Update: On July 28, 2021, SBA released updated guidance on how appeals affect the PPP loan deferment period. For details, continue to the section titled, “How would an appeal affect loan payment timelines?”
On Aug. 11, 2020, the Small Business Administration (SBA) released an interim final rule titled “Appeals of SBA Loan Review Decisions under the PPP,” establishing guidelines for appealing SBA decisions both on Paycheck Protection Program (PPP) loans and on forgiveness for those loans.
The new guidance is intended to supplement the guidance in the May 22 interim final rule “Loan Review Procedures and Related Borrower and Lender Responsibilities,” as amended June 22.
Read on for an overview of the interim final rule and what to know about the outlined PPP loan review appeal process.
What types of appeals are covered by this interim final rule?
The interim final rule establishes a process under 13 CFR part 134 for appealing to the SBA Office of Hearings and Appeals (OHA) when SBA has reviewed a PPP loan and made an official written decision that the borrower either:
1. Was ineligible for a PPP loan;
2. Was ineligible for the loan amount received, or used the proceeds for “unauthorized uses”;
3. “Is ineligible for PPP loan forgiveness in the amount determined by the lender in its full or partial approval decision issued to SBA (except for the deduction of any Economic Injury Disaster Loan (EIDL) advance”; or
4. “Is ineligible for PPP loan forgiveness in any amount when the lender has issued a full denial decision to SBA.”
The rule notes that “Only final SBA loan review decisions (as defined in this rule) can be appealed to OHA; a PPP borrower cannot file an OHA appeal of any decision made by a lender concerning a PPP loan. A PPP borrower can request an SBA review of a lender decision to deny the borrower’s loan forgiveness application in full … but that request is for a review by SBA, not an OHA appeal.”
Who can appeal?
Only the borrower on the loan has standing to appeal the SBA decision to OHA, the rule says. Individual owners of a borrower and lenders do not.
When must appeals be filed?
The rule states that petitions must be filed within 30 calendar days after the earlier of:
1. “The appellant’s receipt of the final SBA loan review decision; or
2. “Notification by the lender of the final SBA loan review decision”
What must be included in an appeal?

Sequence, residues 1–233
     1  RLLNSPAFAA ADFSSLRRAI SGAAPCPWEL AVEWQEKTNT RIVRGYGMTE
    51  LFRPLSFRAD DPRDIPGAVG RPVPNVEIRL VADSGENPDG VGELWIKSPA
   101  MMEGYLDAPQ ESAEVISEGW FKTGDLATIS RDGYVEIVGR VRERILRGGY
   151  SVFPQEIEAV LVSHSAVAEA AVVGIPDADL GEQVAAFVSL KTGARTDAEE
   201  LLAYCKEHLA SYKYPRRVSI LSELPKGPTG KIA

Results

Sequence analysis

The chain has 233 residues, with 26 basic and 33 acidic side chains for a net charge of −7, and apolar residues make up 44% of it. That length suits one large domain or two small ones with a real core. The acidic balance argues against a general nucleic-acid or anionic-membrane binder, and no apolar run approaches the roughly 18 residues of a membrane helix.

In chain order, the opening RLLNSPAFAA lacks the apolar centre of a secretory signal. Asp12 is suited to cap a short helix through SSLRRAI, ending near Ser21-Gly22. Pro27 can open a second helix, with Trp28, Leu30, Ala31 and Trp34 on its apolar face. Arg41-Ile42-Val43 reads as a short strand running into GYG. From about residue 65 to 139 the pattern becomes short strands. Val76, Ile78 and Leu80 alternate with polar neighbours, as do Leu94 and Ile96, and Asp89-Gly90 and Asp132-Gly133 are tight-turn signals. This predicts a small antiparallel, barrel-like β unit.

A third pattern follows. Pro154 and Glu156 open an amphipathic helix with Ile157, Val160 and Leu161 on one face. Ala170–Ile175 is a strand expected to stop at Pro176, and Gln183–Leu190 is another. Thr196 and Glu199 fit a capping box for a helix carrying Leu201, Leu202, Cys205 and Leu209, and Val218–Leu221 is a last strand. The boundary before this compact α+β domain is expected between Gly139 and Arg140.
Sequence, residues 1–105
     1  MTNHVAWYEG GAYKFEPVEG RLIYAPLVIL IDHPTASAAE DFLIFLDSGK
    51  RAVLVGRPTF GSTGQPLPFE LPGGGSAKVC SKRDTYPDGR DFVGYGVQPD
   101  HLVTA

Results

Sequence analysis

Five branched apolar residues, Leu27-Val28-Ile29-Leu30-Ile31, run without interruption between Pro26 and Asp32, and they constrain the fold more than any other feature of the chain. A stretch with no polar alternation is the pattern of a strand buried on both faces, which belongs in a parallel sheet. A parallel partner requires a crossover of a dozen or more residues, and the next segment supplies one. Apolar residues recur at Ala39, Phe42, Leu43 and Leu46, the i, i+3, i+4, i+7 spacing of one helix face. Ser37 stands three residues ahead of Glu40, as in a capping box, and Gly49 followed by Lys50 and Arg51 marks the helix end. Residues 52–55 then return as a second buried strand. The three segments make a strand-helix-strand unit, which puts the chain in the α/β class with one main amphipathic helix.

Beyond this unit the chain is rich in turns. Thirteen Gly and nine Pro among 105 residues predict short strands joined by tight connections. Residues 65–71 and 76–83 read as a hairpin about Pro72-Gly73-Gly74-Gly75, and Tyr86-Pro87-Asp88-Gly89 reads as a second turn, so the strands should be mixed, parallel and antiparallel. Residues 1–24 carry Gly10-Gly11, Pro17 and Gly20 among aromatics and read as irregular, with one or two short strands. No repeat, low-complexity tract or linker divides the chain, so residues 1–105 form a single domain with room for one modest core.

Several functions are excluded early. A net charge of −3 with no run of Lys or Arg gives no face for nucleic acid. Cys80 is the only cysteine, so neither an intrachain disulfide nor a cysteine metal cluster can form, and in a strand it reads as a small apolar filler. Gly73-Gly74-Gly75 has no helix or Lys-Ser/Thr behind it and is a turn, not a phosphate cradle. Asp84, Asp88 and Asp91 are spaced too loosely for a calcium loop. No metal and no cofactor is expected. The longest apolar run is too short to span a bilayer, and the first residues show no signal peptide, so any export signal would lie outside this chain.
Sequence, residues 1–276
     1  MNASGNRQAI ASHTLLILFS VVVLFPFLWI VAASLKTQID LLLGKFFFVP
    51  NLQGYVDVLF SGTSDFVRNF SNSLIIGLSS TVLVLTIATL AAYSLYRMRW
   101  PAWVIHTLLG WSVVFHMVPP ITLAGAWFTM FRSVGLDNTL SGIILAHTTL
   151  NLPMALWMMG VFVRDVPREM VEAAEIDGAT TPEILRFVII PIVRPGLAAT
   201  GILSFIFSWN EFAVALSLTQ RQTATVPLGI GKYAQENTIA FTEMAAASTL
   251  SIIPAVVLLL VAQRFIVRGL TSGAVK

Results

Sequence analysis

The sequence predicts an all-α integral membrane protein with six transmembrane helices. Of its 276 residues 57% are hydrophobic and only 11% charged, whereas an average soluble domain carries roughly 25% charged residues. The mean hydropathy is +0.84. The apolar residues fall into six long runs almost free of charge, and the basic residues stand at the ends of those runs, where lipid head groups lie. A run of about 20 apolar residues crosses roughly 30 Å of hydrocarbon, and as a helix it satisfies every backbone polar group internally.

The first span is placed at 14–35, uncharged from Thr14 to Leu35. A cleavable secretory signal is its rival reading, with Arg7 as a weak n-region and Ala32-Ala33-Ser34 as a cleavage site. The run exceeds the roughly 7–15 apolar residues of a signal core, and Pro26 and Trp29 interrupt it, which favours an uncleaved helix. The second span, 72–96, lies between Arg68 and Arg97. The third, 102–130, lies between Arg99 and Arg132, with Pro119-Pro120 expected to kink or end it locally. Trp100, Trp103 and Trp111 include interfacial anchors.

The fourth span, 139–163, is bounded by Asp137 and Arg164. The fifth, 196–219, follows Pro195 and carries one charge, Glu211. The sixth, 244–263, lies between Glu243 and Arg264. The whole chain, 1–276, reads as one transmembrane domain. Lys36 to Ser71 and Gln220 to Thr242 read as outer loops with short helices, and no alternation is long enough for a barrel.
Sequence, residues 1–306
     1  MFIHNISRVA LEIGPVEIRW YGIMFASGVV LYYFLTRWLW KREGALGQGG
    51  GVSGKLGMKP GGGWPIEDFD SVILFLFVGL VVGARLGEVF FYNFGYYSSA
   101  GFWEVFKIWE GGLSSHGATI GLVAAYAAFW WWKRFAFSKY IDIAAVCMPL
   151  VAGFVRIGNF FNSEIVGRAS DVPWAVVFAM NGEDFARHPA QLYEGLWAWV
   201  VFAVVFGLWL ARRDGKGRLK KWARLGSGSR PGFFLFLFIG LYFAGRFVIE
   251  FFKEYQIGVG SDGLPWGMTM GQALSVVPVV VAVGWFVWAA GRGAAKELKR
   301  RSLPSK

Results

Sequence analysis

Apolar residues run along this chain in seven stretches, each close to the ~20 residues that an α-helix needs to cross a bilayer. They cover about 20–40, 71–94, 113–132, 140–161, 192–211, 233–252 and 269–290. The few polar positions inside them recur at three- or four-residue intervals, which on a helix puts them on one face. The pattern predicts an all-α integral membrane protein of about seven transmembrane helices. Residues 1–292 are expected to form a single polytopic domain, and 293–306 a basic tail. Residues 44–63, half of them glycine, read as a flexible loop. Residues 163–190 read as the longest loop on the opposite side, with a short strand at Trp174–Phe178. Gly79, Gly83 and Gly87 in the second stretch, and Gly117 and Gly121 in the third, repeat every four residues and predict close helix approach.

The appeal petition must include, as listed in the IFR:
1. The basis for OHA’s jurisdiction, including, but not limited to, evidence that the appeal is timely filed in accordance with 13 CFR Section 134.1204
2. A copy of the SBA loan review decision that is being appealed, or a description of that decision if a copy is unavailable
3. A full and specific statement as to why the SBA loan review decision is alleged to be erroneous, together with all factual information and legal arguments supporting the allegations
4. The relief being sought
5. Signed copies of payroll tax filings actually reported to the IRS, and State quarterly business and individual employee wage reporting and unemployment insurance tax filings actually reported to the relevant state, for the relevant periods of time, if not provided with the PPP Loan Forgiveness Application (SBA Form 3508, SBA Form 3508EZ, or lender’s equivalent), or an explanation as to why they are not relevant or not available
6. Signed copies of applicable federal tax returns actually filed with the IRS with appropriate schedules (e.g., IRS Form 1040 with Schedule C/F) documenting income for self-employed individuals or partners in a partnership, if not provided with the PPP Borrower Application Form (SBA Form 2483 or lender’s equivalent), or an explanation as to why they are not relevant or not available
7. The name, address, telephone number, email address and signature of the appellant or its attorney
Petitions must generally be 20 pages or fewer, not including attachments. See the full rule for additional process details, including directions for providing a copy of the appeal petition to the Associate General Counsel for Litigation and certificates to attach.
The rule cautions that appeal petitions that do not include the above components may be dismissed, or SBA or a judge may move for more information.
What happens after an appeal is made?